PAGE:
08 February 2013

Secret committee weakens transparency

[Liga ba blog ida ne'e iha lingua Tetum]

On February 6, 2013, Timor-Leste’s Parliament gave general approval to the 2013 State Budget. Forty MPs from the Coalition voted in favor, and 25 from Fretilin abstained.

On the first day of detailed discussion, Parliament decided to establish an “Ad Hoc Committee to Collect and Analyze Proposed Consensus Amendments to the Proposed State Budget.” This Committee includes the President and Vice Presidents of Parliament, six MPs from FRETILIN, one representative of each of the three parties in the Coalition and the Presidents of every standing committee.

The ad hoc Committee will compile and discuss proposed amendments, presenting those which receive consensus for approval by the plenary without substantive debate. The Committee will work for three days, and is closed to the public. Journalists and civil society organizations are not allowed to observe, and the only participants are Government ministers, experts and advisors.

La’o Hamutuk thinks that although this Committee gives more space and legislative power to the opposition to contribute than in the previous Parliament, the lack of public access it weakens Timor-Leste’s budget process transparency.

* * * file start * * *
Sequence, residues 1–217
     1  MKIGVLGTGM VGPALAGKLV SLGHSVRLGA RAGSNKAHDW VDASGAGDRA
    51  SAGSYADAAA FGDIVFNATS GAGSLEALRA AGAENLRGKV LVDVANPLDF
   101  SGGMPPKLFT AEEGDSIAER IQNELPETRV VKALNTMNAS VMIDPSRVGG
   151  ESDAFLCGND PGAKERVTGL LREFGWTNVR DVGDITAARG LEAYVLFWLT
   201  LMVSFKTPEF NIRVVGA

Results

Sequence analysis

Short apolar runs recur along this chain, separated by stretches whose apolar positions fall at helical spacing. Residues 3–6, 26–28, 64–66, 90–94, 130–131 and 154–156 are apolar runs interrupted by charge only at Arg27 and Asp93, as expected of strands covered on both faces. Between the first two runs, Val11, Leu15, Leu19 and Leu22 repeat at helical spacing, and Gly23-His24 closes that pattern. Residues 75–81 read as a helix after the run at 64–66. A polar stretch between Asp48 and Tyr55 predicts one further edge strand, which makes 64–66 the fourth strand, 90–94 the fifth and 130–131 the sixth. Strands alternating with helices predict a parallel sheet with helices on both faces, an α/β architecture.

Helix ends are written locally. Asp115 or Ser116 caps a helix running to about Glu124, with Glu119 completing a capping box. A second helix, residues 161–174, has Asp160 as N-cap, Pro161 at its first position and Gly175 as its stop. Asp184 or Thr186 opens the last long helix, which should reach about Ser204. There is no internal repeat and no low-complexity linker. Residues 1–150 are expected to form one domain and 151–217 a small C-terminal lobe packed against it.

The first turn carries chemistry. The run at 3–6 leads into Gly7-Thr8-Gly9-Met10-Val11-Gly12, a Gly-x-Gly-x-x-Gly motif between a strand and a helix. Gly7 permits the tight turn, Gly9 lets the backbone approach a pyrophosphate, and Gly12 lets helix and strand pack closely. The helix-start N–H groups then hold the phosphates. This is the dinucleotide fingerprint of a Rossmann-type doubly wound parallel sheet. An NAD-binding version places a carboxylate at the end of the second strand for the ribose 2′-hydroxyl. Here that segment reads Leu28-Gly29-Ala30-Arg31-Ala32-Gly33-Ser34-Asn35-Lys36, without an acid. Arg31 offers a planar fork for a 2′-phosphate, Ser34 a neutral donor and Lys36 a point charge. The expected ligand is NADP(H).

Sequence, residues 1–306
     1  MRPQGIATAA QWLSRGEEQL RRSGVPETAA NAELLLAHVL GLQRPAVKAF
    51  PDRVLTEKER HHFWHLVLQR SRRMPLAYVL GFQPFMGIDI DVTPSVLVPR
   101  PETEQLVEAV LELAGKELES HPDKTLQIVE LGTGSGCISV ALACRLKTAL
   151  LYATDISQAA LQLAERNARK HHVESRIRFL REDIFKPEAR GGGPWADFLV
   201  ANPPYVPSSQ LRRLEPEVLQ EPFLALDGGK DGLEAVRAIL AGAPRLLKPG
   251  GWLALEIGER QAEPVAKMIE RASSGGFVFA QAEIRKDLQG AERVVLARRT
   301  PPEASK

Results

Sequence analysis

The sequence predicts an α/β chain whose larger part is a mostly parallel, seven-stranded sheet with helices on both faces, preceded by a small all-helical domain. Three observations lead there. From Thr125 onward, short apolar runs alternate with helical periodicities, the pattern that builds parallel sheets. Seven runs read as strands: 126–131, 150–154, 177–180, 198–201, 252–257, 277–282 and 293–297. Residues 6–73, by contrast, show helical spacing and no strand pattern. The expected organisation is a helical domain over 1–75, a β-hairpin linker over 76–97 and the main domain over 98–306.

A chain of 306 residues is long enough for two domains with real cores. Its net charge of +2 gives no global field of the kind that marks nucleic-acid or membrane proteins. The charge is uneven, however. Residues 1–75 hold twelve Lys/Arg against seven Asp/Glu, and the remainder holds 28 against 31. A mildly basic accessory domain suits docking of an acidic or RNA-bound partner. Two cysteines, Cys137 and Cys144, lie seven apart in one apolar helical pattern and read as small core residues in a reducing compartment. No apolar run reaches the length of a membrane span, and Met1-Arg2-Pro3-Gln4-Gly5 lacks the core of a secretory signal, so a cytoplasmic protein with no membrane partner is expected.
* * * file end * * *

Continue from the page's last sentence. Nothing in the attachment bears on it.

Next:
Up to now, La’o Hamutuk has been proud that Timor-Leste, especially Parliament, has become a model of budget transparency for other countries. Our Parliamentary budget debates are very open, with live radio and television coverage, and civil society groups like La’o Hamutuk are allowed to participate in Committee discussions. However, the secret meetings of this ad hoc Committee make us afraid and sad, as this reduces Timor-Leste’s transparency in the eyes of the world.

The just-released 2012 Open Budget Survey measures transparency in the state budget process of many nations, and rated Timor-Leste at 36 out of 100, slightly better than our score of 34 in 2010. Although it’s a little improved, Timor-Leste’s score is still lower than Indonesia, Malaysia and the Philippines. We’re somewhat better than Cambodia, Myanmar and Vietnam, which shows that Timor-Leste gives a bit more information to the public. A non-transparent budget process weakens democracy, because citizen participation in the decision-making process is limited. In addition, less transparency makes it easier for leaders to divert state resources to a special interest group or individual, or to corruption, preventing the public from receiving state benefits and condemning them to poverty.

For more information about the 2013 State Budget, link to La’o Hamutuk’s website.

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